World Class Priorities

Three principal priorities for operations in the new millenium are Lean operations, Six Sigma quality and Supply Chain management. These interlink. They also need to be embedded in a background of three related forms of thinking.


Lean thinking is a philosophy not a system or a technique. It is about simplicity, flow, visibility, partnership, and value. Womack and Jones' "Lean Thinking" emphasises the elimination of waste and the adoption of five Lean principles.

  1. Specify value from the point of view of the customer.
  2. Identify the value stream (mapping is a powerful way to do this). Concentrate on the object not the organisational department. There are three streams to be mapped, the physical flow, the information flow, and new product introduction. In each there will be value adding activities, non-value adding activities, and temporarily necessary non-value adding activities. Improve the first, eliminate the second, and reduce the third.
  3. Make value flow. If possible use one piece flow. Avoid batch and queue. Remove all obstacles that prevent flow from taking place.
  4. Pull at the customer's rate of demand. Use one, make one. This extends to the full supply chain.
  5. Seek perfection through continual improvement and the steady adoption of the first four principles.

The family of Lean techniques described in this course support the adoption of these key principles.


Systems Thinking, with origins in biology a century or more ago, only began to have an impact on management during the last thirty or so years. It is the basis of process reengineering and the internet. It is also fundamental to Lean, which is ultimately a systems philosophy.

A system is a set of entities together with the relationship between them. Think of a children's mobile - touch one element and the whole thing moves. So it is with management systems. There is ecology at work.

A central tenent is the process view. Think in terms of end-to-end processes that deliver the products and services customers require, rather than vertical departmental "silos". Some processes will be core and some support. The process view is integral in process reengineering, in total quality, in Lean thinking, and in supply chain thinking.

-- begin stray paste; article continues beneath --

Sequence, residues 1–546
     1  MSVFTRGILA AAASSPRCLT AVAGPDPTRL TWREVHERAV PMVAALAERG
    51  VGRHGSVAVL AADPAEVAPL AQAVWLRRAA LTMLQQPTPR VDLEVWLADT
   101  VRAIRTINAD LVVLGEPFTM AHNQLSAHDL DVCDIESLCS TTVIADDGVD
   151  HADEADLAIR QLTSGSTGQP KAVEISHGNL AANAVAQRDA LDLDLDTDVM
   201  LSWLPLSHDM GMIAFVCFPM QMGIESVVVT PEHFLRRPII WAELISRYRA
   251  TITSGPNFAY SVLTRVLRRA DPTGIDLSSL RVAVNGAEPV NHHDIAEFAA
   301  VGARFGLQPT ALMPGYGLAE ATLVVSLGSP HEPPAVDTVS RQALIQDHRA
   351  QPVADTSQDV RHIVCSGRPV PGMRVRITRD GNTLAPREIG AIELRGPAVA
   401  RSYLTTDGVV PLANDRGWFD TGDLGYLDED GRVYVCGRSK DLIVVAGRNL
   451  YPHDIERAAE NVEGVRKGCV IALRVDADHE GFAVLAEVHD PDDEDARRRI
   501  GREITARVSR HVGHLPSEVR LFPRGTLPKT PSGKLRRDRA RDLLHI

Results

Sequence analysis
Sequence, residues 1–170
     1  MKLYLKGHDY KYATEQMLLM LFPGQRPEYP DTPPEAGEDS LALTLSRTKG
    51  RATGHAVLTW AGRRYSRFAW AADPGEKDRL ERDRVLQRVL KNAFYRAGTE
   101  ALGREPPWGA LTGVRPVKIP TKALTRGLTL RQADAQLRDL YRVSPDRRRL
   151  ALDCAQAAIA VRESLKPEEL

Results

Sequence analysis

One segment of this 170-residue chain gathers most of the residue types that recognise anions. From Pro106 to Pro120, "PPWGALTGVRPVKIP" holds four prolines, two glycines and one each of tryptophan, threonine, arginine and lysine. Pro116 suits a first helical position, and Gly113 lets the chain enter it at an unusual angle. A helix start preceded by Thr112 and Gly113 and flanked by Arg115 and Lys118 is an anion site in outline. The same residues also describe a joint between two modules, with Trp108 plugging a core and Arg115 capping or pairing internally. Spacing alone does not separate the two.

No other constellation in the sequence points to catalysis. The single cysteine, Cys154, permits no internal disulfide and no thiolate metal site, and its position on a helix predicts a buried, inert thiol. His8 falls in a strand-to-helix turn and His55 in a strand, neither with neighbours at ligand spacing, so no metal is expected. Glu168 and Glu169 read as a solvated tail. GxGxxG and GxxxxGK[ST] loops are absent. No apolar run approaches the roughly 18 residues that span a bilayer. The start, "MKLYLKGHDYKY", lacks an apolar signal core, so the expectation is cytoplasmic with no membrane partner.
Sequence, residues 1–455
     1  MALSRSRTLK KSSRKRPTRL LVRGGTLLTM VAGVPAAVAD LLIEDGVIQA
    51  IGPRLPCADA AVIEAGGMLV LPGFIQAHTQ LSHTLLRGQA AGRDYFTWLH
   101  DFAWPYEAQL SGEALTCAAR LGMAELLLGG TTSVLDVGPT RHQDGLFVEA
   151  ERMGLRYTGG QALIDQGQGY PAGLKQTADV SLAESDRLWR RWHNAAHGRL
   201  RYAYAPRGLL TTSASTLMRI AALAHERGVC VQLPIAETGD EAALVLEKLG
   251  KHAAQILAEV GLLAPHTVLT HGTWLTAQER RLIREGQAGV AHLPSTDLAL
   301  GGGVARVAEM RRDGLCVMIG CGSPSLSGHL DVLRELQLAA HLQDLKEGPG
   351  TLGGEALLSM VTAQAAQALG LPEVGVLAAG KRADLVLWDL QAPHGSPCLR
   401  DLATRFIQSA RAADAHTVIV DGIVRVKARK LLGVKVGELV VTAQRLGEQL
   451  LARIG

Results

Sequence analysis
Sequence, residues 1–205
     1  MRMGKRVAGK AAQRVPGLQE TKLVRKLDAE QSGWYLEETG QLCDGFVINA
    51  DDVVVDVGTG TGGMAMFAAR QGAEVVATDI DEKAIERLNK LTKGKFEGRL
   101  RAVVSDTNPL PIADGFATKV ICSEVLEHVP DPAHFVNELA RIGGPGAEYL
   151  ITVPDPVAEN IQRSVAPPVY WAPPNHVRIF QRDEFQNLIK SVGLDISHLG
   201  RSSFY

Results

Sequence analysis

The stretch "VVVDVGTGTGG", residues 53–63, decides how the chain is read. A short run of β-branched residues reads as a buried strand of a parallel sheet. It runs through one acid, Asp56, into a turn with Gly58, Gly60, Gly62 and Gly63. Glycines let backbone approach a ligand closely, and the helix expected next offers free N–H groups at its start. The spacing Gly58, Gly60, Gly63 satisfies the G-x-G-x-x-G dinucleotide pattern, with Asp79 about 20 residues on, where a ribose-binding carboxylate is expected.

Human activity systems generally have a goal or purpose around which the entities or activities are organised. Systems have clients and customers, beneficiaries and victims. They contain resources (people, materials, and machines) which are joined together by information flows to support the goals. Systems contain sub-systems with all the characteristics of the higher level system. Trying to optimise a sub-system on its own is futile and may be counterproductive. Systems grow, decline and interact with their environment; they are only self-sustaining together with their environment; they affect the environment and the environment affects them. Feedback and control are parts of every system, the effectiveness of which has a major impact on the ability to achieve the goals.

The concept of Learning is central to Systems Thinking. Natural systems learn by evolution. Management systems also learn by experience but this may be too slow. They need to set out to learn specifically about themselves, their operations, their processes, and their customers.

An important idea in Systems Thinking is feedback loops. Positive feedback grows like interest in a bank. Negative feedback is goal seeking like a thermostat. Most systems contain both types of loop. The point is, understanding the loops is essential to managing systems behaviour. A classic case is the so-called Forrester Effect in Supply Chains resulting in demand amplification.

Systems Thinking teaches that effective ways to manage systems are to decrease response time, not to attack positive feedback (work harder), but ot go for negative feedback (prevention), and to work in systems or processes rather than in "silo". In other words, get to the root cause.


Statistical Thinking recognises that varition is everywhere. The key task is to understand and reduce variation, to manage it, but it cannot be eliminated. Deming said that a prime failure of management was their inability to understand variation. Consider why so many management "solutions" (MRP, TQM, and even some Lean) do not work - ignoring variation is a big reason.

Statistical Thinking overlaps with Systems Thinking in as far as both recognise that all work should be viewed as a process, and all processes are inter-connected. Data is needed to guide decisions, and such data should include measurement of variation. Avoid "drowning in a river of average depth one metre".

One needs to be aware of the differences between common cause variation and special cause variation. Treating common causes as special causes (known as tinkering) can make the situation far worse. Unlearning the deterministic view of the world is a great challenge.